Standard deviation of sea height predicted by our POP model in the Northeast Pacific.
During a second phase of this project, we aim to provide an improved ocean model for the North Pacific that will be used to investigate the influence that eddies generated along the British Columbia and Alaska coasts have on local biological communities. The conclusions drawn using this improved model can provide fundamental estimates of physical quantities (such as volume of shelfwaters provided to the open ocean by eddies) which will improve our knowledge of eddy-biology interactions and dependencies.
Modelling Passamaquoddy Bay
A 3-dimensional finite element circulation model (Quoddy) of
Passamaquoddy Bay (on the north side of the Bay of Fundy) was expanded
to allow for the flooding and drying of intertidal areas. This bay
has an extensive network of intertidal flats, tidal pools and
channels that become blocked at low tide. The region supports many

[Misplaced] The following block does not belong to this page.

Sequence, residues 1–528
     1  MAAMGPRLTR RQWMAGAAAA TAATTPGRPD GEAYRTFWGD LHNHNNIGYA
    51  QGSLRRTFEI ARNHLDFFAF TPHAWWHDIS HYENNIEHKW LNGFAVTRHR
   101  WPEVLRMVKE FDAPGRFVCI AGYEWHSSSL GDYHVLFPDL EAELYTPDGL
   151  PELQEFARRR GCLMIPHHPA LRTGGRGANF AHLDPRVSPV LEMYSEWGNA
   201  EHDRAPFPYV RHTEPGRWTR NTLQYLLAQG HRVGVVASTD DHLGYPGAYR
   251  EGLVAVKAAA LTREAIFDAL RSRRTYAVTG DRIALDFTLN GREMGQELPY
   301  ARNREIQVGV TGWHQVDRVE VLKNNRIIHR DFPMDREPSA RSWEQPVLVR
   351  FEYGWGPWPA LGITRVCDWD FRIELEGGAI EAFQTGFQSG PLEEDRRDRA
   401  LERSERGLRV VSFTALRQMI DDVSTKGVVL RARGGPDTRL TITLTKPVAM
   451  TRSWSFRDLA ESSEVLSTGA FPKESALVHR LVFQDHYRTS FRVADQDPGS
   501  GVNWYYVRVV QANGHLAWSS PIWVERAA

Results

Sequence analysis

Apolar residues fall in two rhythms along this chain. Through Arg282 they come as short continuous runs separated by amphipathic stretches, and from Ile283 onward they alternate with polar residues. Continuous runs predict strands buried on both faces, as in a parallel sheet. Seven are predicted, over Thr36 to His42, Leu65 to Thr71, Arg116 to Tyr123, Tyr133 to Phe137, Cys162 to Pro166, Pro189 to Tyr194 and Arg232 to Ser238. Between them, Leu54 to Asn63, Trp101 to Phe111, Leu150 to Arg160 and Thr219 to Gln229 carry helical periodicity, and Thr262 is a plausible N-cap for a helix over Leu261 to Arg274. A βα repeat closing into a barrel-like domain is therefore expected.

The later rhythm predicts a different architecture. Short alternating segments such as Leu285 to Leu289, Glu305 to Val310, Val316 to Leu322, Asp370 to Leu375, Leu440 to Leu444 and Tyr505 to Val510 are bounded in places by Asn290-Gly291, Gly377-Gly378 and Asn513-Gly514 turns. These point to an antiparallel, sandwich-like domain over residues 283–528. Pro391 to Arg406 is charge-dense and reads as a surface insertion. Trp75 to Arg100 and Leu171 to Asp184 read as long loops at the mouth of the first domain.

aquaculture sites which require accurate knowledge of the local circulation
and water properties.
The Nearshore Canyon Experiment
Data assimilation methods were incorporated into a state-of-the-art nearshore circulation model to create a tuned predictive model employed at the Nearshore Canyon Experiment (NCEX) in the fall of 2003 at Scripps Institute of Oceanography. A sequential estimator assimilative method was used to exploit the PIV (Particle Image Velocimetry) data provided by our group to producing daily hindcasts of the circulation field. These hindcasts will provide data collection groups with information that will further illustrate the spatial and temporal character of the circulation field
Selected Recent Publications:
- Dusini, D. S., D. L. Foster, J. A. Shore and J. Lin: The effect of Lake Erie water level variations on sediment resuspension (Submitted to J. Great Lakes Research Feb. 2006).